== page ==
Now, the answer is yes, the number of runners does correlate to the number of fallers, but not in a way that you would expect. When I looked at field sizes, I looked at the average size of the field. Now in comparison to normal races who have around 10 runners, the Grand National is unique in having a total of 40 runners.

To begin, I looked at races with runners between 3 and 17 runners to see what impact the field size had on the number of fallers. The curious thing is, the smaller the field, the more fallers there are as a percentage of the total field.

The Numbers…

Now, it’s quite a small percentage, but nonetheless, that percentage is there. So you can hypothesise that maybe when horses are in smaller fields, they tend to be going for it a bit more etc, but there seems to be a variable that is causing this trend. Whereas in bigger fields generally, you tend to find the jockeys are taking a little bit more care and are perhaps trying to avoid accidents because there are so many runners.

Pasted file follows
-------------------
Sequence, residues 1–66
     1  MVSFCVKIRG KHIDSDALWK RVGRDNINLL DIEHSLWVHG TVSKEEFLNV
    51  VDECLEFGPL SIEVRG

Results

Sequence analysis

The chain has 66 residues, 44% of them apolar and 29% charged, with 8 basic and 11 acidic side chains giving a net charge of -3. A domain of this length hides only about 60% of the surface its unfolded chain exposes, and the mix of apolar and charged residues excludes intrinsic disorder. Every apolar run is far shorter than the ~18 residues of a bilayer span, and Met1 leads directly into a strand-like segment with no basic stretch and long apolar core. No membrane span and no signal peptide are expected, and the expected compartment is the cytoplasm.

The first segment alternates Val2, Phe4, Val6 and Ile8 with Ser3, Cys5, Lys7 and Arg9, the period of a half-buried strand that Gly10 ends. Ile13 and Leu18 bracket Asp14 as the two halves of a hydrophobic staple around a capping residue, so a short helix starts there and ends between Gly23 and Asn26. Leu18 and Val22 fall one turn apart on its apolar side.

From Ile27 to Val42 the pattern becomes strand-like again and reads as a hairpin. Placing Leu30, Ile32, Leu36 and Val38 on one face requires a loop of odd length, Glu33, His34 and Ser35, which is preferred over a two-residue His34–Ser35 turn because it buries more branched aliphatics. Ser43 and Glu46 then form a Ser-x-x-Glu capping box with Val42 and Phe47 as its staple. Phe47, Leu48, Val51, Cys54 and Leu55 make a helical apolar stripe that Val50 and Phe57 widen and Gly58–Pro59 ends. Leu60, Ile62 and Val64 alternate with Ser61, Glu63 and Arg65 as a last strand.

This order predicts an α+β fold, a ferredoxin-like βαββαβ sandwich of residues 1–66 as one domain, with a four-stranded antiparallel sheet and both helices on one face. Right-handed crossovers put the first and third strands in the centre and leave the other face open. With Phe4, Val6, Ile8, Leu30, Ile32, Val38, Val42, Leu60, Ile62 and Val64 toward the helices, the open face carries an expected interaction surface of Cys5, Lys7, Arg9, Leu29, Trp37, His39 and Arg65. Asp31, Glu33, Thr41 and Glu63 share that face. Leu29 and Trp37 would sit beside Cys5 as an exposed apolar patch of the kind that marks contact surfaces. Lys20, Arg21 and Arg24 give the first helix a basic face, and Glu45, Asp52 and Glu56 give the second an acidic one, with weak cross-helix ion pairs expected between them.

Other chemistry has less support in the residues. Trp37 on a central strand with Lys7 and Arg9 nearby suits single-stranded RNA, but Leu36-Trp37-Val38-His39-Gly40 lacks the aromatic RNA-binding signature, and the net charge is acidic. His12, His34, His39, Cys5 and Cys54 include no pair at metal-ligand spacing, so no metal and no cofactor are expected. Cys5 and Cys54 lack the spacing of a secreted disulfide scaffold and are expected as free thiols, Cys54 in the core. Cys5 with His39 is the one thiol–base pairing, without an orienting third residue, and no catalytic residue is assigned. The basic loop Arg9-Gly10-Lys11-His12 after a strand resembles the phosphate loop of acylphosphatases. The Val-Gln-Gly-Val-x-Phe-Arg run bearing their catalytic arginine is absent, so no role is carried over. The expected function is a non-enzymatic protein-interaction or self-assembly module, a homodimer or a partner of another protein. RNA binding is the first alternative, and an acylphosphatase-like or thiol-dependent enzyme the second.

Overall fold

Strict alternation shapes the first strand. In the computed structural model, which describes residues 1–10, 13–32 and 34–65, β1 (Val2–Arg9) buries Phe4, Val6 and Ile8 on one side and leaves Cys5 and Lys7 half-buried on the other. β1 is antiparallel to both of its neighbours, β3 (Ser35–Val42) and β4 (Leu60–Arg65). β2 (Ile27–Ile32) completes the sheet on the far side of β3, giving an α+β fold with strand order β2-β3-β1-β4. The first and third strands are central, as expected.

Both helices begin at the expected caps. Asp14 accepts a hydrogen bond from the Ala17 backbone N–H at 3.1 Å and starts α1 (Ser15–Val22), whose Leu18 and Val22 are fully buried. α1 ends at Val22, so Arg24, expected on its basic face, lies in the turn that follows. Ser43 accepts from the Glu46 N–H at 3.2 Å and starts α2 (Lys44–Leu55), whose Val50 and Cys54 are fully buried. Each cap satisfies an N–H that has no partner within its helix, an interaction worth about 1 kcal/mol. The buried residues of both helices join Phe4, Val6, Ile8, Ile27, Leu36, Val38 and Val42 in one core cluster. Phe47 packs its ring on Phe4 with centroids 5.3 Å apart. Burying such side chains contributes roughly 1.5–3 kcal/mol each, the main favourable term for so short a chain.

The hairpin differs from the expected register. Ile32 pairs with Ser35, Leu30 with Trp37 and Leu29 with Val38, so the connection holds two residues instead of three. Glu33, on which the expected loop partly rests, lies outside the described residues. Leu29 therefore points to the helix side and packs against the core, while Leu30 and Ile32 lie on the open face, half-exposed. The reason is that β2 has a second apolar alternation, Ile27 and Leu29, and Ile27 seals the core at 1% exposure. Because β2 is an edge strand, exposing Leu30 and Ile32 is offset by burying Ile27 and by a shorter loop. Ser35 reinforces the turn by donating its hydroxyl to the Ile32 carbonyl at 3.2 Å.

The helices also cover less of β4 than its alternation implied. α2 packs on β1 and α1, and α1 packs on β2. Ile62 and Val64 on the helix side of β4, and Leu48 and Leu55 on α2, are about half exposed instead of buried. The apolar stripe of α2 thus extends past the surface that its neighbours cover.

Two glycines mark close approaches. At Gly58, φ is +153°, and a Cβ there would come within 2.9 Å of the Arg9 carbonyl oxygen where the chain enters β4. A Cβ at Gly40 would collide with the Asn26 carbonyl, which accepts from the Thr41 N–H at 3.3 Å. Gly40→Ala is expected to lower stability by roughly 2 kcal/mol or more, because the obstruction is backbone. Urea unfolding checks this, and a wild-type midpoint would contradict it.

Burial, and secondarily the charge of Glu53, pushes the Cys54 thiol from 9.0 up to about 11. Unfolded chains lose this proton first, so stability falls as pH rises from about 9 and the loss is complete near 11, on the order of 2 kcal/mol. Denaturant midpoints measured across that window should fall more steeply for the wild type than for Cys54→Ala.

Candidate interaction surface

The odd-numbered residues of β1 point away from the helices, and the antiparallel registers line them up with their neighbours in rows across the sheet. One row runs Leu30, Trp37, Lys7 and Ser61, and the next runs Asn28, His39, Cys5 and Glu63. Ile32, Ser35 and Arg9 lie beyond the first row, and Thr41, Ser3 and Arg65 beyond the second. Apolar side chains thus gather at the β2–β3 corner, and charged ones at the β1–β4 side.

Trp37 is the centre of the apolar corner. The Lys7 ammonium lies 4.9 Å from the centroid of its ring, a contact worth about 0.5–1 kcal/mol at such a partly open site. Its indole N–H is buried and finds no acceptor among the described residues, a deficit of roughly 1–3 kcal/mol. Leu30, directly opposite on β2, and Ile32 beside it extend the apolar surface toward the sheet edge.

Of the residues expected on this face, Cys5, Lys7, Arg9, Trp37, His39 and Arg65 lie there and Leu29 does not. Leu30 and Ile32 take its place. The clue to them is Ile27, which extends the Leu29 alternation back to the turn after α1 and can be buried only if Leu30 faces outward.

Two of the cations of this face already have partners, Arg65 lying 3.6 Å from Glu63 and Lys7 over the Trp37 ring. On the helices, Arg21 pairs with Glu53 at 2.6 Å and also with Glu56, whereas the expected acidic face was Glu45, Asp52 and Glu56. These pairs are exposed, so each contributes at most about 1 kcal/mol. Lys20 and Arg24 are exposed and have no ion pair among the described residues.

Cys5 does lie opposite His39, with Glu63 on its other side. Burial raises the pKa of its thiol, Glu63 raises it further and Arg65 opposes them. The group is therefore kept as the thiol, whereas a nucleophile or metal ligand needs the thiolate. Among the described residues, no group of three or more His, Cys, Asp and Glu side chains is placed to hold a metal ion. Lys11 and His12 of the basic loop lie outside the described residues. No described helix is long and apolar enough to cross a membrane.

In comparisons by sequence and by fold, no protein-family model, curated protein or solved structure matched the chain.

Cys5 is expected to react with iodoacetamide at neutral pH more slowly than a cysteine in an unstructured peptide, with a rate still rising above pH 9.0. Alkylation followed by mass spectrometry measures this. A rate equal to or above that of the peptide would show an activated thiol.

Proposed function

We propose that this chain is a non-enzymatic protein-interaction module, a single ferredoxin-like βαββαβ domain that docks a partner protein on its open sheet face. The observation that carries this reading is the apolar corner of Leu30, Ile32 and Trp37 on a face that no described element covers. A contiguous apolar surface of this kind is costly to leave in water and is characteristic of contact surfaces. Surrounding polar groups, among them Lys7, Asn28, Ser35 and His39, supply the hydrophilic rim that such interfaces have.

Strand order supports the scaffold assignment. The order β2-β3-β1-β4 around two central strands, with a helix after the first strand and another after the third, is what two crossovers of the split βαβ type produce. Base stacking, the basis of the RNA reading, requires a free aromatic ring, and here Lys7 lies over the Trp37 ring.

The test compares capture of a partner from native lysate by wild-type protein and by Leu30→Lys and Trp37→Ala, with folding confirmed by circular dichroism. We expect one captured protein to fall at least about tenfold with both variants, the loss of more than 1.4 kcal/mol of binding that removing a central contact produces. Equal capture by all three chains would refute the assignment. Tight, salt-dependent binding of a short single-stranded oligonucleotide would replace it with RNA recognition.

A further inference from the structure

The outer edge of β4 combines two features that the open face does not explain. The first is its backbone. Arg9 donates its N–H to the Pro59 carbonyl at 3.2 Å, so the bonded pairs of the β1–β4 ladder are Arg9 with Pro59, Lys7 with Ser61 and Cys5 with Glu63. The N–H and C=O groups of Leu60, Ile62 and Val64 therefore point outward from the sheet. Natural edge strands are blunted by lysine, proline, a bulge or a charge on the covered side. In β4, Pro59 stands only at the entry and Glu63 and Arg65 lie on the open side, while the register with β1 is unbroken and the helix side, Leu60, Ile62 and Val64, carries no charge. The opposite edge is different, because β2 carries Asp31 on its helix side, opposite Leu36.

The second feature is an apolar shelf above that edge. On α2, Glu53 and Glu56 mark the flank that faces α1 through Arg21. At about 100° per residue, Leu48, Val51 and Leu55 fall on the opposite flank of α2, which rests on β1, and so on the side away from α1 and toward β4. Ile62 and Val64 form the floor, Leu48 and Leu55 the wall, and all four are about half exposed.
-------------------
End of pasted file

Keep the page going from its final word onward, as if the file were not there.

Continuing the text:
So what do you think? Confirmed, busted or plausible?

Myth two: Do longer distances tire horses, resulting in more fallers? Confirmed, busted or plausible?

Secondly, I looked over distance to see if horses getting tired may be a potential issue within a particular race.

Would you say that tired horses to tend to jump worse or not? Well, the answer is that generally the longer a race is, then you do tend to get slightly more fallers in a race.

The Numbers…